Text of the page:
7. Write about what interests you. It’s what gives your blog its own personality. Unless you bring in a great deal of value added, don’t feel like you have to blog about a given topic just because everyone else does.
  8. When you feel like you are ready to start promoting your blog, after you have been doing it for at least a couple months or have accumulated at least 25 posts, create accounts on sites like Digg, Delicious, StumbleUpon, and Reddit.
  9. Perhaps more importantly for promoting your blog, join Twitter, and start following the people whom you find interesting. Most people are nice and follow you back. Twitter is also a great source of things to blog about. For me, it was crucial in keeping track of what happened in terms of food prices and social unrest in 2011.
  10. Twitter might seem overwhelming at first. You may ask yourself, “How can I keep track of all this?” The answer is “You can’t,” unless you spend your days looking at your Twitter feed. Twitter allows me to take the pulse of the development policy world. The metaphor is richer than it appears at first sight — a doctor does not constantly check a patient’s pulse, only when it seems warranted, or when they think about doing so.
  11. Your self-description on Twitter is all-important. Mine reads “Assistant Professor at Duke University’s Sanford School of Public Policy. My research focuses on development policy. RTs ≠ endorsement.” I follow other academics back almost automatically, out of solidarity. Likewise for people who write in their self-description that they are interested in development. But I almost never follow people back with blank self-description, unless they are real-life friends.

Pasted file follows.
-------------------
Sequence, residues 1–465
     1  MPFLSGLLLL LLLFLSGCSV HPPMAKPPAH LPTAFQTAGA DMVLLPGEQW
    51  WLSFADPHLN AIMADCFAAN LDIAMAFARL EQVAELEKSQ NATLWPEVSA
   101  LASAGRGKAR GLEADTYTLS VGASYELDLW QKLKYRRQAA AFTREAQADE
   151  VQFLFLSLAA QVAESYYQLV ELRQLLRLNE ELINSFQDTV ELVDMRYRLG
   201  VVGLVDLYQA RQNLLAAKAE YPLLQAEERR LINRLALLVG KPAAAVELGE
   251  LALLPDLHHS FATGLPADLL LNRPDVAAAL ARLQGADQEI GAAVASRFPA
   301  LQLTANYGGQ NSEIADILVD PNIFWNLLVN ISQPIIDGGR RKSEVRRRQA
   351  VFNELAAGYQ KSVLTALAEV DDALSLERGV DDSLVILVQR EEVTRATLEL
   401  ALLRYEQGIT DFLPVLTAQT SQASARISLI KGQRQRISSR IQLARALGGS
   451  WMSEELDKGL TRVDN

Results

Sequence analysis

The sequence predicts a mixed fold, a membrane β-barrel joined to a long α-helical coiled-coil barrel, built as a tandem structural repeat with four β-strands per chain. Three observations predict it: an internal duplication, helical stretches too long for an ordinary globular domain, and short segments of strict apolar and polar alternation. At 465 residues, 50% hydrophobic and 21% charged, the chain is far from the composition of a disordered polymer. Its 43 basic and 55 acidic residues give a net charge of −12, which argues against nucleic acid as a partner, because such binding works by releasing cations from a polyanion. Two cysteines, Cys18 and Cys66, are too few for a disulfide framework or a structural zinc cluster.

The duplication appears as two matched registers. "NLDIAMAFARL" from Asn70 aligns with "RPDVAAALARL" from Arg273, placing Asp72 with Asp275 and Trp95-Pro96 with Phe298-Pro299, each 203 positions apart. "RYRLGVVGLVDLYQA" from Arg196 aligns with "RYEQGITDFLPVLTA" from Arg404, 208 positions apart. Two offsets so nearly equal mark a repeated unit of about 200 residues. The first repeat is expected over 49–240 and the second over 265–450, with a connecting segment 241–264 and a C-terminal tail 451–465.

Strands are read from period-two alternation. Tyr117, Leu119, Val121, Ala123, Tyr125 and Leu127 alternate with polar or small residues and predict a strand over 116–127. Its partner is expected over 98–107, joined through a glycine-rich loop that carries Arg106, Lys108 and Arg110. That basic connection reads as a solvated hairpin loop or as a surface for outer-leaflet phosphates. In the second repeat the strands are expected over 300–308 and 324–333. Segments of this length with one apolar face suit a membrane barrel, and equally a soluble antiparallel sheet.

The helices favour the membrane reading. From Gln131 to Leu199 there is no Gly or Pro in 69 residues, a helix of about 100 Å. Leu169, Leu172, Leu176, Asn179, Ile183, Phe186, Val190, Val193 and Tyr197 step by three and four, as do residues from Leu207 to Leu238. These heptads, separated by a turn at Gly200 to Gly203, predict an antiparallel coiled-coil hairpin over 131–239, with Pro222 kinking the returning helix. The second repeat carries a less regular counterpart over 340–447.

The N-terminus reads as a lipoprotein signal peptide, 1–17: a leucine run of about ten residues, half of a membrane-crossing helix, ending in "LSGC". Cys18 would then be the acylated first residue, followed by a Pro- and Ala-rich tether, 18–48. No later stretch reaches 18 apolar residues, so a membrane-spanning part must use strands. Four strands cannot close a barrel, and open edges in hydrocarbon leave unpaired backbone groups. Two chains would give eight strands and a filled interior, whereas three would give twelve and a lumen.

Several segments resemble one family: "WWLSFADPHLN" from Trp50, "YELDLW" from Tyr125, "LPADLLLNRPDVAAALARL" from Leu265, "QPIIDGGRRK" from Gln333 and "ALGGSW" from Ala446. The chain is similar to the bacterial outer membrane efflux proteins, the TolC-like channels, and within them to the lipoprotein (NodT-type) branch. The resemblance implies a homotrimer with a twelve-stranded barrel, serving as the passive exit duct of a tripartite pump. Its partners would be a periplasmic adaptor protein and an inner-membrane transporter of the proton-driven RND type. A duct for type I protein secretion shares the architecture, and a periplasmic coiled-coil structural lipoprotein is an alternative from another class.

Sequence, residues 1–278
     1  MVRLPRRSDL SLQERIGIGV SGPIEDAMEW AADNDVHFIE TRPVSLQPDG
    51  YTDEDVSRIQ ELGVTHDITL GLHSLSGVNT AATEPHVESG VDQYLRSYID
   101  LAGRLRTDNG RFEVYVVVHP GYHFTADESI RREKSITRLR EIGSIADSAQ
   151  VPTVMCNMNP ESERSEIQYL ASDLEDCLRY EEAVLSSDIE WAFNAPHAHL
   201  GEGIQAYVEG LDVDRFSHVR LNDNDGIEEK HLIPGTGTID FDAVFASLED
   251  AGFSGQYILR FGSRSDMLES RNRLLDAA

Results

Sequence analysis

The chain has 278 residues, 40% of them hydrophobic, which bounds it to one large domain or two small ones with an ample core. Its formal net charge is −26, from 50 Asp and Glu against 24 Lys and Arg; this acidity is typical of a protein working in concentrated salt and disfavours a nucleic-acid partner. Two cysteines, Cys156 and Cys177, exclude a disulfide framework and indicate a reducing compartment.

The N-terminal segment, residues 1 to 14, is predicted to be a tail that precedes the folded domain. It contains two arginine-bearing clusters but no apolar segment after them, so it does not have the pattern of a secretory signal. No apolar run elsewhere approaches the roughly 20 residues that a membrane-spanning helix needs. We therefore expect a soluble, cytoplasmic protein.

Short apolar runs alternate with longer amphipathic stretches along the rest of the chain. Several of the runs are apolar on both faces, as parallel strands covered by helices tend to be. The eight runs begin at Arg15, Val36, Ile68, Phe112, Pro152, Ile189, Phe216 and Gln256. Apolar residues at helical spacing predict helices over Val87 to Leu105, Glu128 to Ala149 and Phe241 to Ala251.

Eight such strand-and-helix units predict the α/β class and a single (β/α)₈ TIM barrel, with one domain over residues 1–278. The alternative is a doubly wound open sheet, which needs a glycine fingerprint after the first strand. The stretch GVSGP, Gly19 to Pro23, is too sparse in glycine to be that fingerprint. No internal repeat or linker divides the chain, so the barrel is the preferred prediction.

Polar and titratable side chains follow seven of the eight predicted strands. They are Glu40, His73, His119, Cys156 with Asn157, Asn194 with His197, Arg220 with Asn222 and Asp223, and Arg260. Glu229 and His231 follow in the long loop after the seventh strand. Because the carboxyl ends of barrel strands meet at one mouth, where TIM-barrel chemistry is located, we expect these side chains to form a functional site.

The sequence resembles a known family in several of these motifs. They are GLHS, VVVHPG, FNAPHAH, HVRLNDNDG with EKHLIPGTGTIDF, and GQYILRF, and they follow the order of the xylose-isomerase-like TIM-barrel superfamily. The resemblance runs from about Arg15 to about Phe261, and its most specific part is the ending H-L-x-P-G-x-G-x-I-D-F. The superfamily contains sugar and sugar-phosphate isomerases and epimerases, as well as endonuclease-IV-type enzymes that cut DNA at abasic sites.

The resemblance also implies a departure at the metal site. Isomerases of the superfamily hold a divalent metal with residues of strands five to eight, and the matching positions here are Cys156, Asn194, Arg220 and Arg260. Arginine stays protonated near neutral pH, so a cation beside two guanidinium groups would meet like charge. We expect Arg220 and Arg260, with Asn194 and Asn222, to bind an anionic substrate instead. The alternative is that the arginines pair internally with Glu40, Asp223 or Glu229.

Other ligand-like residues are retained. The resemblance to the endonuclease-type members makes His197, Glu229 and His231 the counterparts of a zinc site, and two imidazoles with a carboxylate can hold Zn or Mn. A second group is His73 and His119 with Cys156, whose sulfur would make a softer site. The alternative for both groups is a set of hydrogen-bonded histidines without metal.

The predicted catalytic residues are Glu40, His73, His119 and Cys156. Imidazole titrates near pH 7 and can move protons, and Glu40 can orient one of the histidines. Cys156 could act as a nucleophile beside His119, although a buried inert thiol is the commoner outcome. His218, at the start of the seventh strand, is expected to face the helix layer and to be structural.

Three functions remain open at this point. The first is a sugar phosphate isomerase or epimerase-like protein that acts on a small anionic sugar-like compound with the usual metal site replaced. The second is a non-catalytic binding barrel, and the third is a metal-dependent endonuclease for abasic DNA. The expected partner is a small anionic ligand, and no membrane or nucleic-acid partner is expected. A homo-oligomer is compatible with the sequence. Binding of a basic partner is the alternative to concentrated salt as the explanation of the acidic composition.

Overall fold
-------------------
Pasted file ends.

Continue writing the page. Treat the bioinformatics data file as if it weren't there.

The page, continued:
12. Back to blogging: be generous with attribution and links. There is nothing in social media more disheartening than working a few hours on a great post, only to see someone make the same point somewhere else without mentioning where they got the idea. Likewise with tweeting.
  13. Most academic journals now have RSS feeds for articles just published (or, as is the case for some journals, for articles just accepted and in press), which helps keeping track of new articles. The NBER also has an RSS feed for its working papers.
  14. When you finish working on a working paper, blog about it. Of course, the reader should know that it’s still a work in progress, and that it’s subject to change. I’ve received many good comments on my food riots paper when I first talked about it, after I’d finished writing the working paper version.
  15. When one of your article gets published online, blog about it. This gives you a chance to discuss what the paper does more informally (and in many more words) than the abstract does, and so it increases the chances people will read your paper and cite it. This can only be good for your career.

For similar lists, see also:

There is also the Huffington Post Guide to Blogging if you want to read an actual book on the topic. I read it after blogging for about ten months and did not find it very helpful, but I might have a different opinion if I’d read it before I started blogging.